How can we detect voting irregularities? What causes individuals to vote? In what sense (if any) does democracy (or trade) reduce the probability of war? Quantitative political scientists address these questions and many others by using and developing statistical methods that are informed by theories in political sci- ence. In this course, we provide an introduction to the tools used in basic quantitative political methodology. The first four weeks of the course cover introductory univariate statistics, while the remainder of the course focuses on linear regression models. Furthermore, the principles learned in this course provide a foundation for the future study of more advanced topics in quantitative political methodology.
While the tools of statistical inference are worth studying in their own right, the primary goal of this course is to provide graduate students (and some undergraduates) with the necessary skills to critically read, interpret, and replicate the quantitative content of many political science articles. As such, the statistical methods covered in this course will be presented within the context of a number of articles. Throughout the term, we will reanalyze the data and revisit the conclusions from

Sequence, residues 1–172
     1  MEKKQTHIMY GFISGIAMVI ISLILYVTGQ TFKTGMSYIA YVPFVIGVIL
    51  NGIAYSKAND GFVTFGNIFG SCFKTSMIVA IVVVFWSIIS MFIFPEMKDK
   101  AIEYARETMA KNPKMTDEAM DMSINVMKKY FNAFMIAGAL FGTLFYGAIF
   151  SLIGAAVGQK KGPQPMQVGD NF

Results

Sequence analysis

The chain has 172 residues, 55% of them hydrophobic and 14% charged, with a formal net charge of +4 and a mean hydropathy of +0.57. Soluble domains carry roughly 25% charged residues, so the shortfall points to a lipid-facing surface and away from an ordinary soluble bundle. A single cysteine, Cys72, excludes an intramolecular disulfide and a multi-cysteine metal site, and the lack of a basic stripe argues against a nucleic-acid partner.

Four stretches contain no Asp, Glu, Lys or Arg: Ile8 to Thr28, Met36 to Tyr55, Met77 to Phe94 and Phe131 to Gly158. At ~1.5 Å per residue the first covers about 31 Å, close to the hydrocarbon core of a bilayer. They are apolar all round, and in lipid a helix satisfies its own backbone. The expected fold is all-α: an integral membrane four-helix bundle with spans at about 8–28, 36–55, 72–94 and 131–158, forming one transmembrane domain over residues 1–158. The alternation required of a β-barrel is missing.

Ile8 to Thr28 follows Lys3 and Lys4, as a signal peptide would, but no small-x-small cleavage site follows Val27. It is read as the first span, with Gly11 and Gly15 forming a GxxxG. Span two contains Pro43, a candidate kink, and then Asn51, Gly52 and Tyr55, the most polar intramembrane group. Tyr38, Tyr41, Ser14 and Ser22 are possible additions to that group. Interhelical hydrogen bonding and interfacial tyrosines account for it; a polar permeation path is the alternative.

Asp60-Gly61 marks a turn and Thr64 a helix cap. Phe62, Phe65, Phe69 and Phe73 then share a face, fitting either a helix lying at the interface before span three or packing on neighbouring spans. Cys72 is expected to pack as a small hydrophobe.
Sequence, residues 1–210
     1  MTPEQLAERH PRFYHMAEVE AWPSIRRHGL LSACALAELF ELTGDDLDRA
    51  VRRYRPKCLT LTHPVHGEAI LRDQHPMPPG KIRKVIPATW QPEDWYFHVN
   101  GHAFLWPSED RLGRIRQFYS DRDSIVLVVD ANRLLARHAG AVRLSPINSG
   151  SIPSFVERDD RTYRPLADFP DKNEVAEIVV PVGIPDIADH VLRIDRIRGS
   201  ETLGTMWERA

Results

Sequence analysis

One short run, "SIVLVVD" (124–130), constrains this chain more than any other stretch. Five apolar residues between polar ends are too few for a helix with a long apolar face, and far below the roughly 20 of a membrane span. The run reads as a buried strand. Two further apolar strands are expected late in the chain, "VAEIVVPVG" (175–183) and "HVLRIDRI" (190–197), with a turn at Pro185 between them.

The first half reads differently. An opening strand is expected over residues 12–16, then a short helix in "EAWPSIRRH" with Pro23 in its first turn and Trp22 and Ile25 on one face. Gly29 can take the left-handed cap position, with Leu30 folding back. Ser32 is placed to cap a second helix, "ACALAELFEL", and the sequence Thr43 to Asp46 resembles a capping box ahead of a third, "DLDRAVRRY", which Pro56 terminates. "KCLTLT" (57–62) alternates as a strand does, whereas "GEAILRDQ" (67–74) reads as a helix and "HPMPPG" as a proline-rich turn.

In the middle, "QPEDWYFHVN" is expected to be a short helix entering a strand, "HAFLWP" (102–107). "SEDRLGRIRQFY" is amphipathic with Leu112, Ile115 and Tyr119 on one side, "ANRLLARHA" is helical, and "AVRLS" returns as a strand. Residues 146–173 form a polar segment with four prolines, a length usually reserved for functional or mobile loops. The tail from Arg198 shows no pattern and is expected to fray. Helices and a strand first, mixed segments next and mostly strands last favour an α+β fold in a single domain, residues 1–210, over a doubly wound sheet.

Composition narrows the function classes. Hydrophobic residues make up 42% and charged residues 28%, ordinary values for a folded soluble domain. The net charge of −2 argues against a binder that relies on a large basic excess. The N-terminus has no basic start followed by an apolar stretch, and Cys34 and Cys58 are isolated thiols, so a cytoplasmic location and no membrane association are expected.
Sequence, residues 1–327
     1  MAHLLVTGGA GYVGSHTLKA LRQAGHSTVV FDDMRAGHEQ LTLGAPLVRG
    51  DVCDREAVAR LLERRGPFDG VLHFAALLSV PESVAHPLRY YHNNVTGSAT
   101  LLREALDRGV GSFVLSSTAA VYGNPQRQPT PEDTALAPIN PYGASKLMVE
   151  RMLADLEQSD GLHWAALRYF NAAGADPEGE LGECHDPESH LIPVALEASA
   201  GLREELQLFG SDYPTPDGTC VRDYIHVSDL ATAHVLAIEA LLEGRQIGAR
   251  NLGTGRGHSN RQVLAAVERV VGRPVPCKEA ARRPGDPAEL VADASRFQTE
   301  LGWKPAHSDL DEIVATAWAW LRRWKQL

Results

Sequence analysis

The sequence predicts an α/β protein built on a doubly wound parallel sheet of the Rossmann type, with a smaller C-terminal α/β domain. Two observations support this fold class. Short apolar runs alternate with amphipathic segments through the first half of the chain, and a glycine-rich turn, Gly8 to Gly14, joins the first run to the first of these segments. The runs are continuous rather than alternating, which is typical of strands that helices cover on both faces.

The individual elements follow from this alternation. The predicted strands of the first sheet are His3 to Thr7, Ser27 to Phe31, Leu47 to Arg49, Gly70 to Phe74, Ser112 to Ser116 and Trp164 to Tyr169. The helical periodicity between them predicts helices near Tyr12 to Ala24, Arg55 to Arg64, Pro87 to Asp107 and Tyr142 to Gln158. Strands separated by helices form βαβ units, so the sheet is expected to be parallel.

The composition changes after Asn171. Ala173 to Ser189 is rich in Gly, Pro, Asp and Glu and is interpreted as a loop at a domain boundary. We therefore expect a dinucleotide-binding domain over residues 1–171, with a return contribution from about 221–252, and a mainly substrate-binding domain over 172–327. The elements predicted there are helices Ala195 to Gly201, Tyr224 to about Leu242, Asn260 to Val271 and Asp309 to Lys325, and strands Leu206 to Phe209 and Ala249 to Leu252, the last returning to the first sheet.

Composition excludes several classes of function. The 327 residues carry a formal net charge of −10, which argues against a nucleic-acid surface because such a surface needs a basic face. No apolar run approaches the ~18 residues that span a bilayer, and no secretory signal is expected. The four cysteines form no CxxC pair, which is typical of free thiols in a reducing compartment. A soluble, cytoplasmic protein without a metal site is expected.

- “Racial Prejudice and Attitudes Toward Affirmative Action,” by James H. Kuklinski, Paul M. Snider- man, Kathleen Knight, Thomas Piazza, Philip E. Tetlock, Gordon R. Lawrence, and Barbara Mellers, The American Journal of Political Science, 1997.
- “Measuring Political Preferences,” by Lee Epstein and Carol Mershon, American Journal of Polititcal Science, 1996.
- “Female Socialization: How Daughters Affect Their Legislator Fathers’ Voting on Women’s Issues,” by Ebonya L. Washington, The American Economic Review, 2008.
- “Social Pressure and Voter Turnout: Evidence from a Large-Scale Field Experiment,” by Alan S. Gerber, Donald P. Green, and Christopher W. Larimer, The American Political Science Review, 2008.
- “Law and Data: The Butterfly Ballot Episode,” by Henry E. Brady, Michael C. Herron, Walter R. Mebane Jr., Jasjeet Sekhon, Kenneth W. Shotts, Jonathan Wand, PS: Political Science and Politics, 2001.
- “The Classical Liberals Were Right: Democracy, Interdependence, and Conflict 1950-1985,” by JohnR. Oneal and Bruce M. Russett, International Studies Quarterly, 1997.
- “MPs for Sale? Returns to Office in Postwar British Politics,” by Andrew Eggers and Jens Hainmueller,The American Political Science Review, 2009.